By Gilbert Ross
The Quantum Physics of Consciousness
In philosophical debate, particularly in the philosophy of mind, the question of how mind and consciousness arise out of our matter, or more specifically, out of the physical neurological processes in our brain, has been a long-standing one and it has baffled scientists and philosophers alike. When we speak or think of mind, it seems natural to suppose that it is directly linked to our brain and our conscious thinking, including other cognitive functions. Even if, from our direct experience and observation, there is no direct evidence or clue that could lead us to unambiguously understand what mind is, we do collectively intuit that mind is a phenomenon that is deeply interrelated to our brain activity, and yet it is something more. But what is this ‘something’ more? This question alone has historically spurred some interesting theories of mind, together with various philosophical standpoints and debates.
The most common take on the nature of mind in modern Western thought is that mind is the same thing as brain activity and hence the question of ‘what if this something more?’ does not arise. This materialistic position on mind was born out of the classical scientific view and its influence on modern thought. It is called materialist because it assumes that mind is nothing more than matter. The philosophical idea coming out of this materialistic view is a reductionistic one, meaning that it assumes that phenomena such as mind and consciousness can be explained by reducing them to the physical and chemical processes occurring in the neurology of our brains. It is literally a flattened view of the world, since it reduces all phenomena to the dimension of matter, time and space, which are considered primary, according to this view.
The Mind-Body Problem
The mainstream scientific position has led itself into a brick wall when it comes to understanding the phenomenon of consciousness. Philosopher of mind, David Chalmers, refers to this as the hard problem of consciousness, which is basically the problem of explaining subjective mental states of consciousness objectively in terms of physical processes, as required by the strict view of science. In simple words, how do we explain a particular feeling we have when we think of chocolate, in terms of neurons firing in our brain?
Other positions that do not subscribe to this reductionist view of mind, however, tend to face another problem–the problem of dualism. Basically, if we are to consider the mind as being separate from the brain, then this once again begs the question “What is mind?” and more specifically, “What is the relationship between the physical brain and mind?” The former is an ontological question asking about the nature of mind, while the latter is an epistemic one, which tries to understand the cause and effect relationship between brain and mind and how information and knowledge passes from one to the other, seeing that they are two different things.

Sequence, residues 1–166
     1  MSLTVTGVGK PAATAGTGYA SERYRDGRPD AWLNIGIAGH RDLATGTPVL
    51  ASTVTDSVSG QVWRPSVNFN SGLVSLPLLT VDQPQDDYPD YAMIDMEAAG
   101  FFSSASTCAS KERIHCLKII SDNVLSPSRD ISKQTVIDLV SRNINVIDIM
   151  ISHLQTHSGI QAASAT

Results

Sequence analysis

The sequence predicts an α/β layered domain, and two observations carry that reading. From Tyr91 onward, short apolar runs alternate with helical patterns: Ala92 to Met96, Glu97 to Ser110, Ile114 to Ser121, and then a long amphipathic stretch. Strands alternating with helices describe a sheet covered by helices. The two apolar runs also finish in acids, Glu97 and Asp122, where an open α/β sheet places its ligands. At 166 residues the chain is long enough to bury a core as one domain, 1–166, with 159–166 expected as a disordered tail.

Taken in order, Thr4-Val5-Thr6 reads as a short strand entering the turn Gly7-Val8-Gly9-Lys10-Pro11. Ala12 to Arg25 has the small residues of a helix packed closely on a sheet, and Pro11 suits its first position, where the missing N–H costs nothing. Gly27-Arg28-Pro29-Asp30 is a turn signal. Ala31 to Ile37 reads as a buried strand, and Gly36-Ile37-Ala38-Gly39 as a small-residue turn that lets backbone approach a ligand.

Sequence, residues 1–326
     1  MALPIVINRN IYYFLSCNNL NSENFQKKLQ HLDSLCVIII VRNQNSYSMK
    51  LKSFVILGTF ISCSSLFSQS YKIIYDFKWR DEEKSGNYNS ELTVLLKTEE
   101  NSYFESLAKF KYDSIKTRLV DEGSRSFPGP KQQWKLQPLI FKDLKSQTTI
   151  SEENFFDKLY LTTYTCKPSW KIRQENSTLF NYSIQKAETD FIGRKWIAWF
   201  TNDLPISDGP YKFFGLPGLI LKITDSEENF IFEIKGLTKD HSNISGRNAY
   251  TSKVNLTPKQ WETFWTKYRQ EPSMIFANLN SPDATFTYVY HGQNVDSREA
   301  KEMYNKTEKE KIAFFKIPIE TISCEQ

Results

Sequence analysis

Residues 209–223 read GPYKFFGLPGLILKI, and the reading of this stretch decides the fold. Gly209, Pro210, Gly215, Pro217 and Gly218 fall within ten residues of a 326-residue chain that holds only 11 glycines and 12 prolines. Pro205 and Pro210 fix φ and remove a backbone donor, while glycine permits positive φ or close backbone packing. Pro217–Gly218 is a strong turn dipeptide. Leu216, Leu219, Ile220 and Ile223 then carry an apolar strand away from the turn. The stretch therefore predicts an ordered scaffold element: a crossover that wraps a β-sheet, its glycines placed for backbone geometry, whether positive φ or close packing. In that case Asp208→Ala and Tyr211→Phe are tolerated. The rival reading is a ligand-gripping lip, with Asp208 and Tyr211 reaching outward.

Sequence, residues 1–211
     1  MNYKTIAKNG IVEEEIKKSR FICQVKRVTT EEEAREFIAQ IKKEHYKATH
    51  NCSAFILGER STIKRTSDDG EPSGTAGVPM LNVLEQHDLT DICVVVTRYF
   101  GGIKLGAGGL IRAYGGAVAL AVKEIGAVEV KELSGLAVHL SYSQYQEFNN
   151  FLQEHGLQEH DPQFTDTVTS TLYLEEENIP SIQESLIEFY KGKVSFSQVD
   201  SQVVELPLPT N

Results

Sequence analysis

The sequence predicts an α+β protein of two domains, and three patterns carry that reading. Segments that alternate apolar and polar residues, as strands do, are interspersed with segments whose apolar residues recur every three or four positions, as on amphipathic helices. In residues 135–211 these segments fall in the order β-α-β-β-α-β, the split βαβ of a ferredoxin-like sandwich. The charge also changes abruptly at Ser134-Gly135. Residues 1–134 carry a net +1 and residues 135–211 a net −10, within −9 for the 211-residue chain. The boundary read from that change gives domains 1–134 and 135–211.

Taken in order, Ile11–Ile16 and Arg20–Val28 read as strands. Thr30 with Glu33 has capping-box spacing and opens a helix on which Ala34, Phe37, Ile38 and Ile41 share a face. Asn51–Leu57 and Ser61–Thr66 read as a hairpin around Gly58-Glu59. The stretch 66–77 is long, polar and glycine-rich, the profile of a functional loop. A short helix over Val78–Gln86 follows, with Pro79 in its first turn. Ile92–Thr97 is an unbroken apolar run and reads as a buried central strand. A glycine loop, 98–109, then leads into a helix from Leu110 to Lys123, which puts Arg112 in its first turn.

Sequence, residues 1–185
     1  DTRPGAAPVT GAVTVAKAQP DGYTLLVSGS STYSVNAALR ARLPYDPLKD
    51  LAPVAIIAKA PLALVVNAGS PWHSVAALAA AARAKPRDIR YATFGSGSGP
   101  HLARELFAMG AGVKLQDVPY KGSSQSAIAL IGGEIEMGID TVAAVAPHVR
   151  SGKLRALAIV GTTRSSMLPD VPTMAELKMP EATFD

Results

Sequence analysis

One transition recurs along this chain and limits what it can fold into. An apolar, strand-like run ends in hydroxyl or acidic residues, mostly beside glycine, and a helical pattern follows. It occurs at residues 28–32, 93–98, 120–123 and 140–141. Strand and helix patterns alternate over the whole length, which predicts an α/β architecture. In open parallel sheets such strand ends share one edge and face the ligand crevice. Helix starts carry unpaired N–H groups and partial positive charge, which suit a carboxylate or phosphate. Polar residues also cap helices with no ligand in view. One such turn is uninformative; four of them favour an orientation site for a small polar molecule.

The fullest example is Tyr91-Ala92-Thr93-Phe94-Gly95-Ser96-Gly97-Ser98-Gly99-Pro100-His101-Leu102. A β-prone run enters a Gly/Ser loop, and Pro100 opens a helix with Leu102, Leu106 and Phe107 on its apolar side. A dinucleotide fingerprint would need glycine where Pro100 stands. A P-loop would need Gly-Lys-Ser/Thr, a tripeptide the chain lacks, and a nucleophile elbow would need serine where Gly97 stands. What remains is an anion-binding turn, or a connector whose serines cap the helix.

The assumption that mind is different from the brain, such as–for example–that mind is non-material whereas the brain is material, gives rise to the so-called mind-body problem, first addressed by French philosopher René Descartes, who said that the mind and the body are two different substances. Bodies are extended in space, incapable of feeling or thought, whereas minds are unextended, thinking and feeling substances. Because they are two different substances, belonging to the material and non-material, and because there is no observable point of interaction between the two, then we cannot explain a causal relationship between the two. If we cannot come up with a causal explanation, for example, of how our internal mental states and beliefs give rise to behaviour, then some would argue that talking of mind would be superfluous.
Mind as Software and Emergent Effects
Despite this seemingly problematic position of the mind and brain co-existing in some form of relationship, the idea lived on in other theories and metaphors. One of the most popular metaphors, in fact, is borrowed from the computer sciences and which sees the mind as analogous to a software that runs on top of a hardware (or wetware)–the brain. This model has served particularly well in psychology and the cognitive sciences, where the non-material aspect of mind is seen as the software program and the material aspect of the brain is seen as the underlying hardware.
Another interesting position considers the mind as an emergent phenomena, resulting from the complex interactions of the neural processes in the brain. This theoretical position is a non-reductionistic one while at the same time it circumvents the mind-body problem because although mind is still considered as something other than the brain, the cause and effect link between the two can be explained in terms of emergent effects. The problem with this view, however, is that it still considers matter (the brain) to be primary and mind and consciousness as something that emerges out of matter, rather than being a fundamental aspect of the universe, such as time and space are.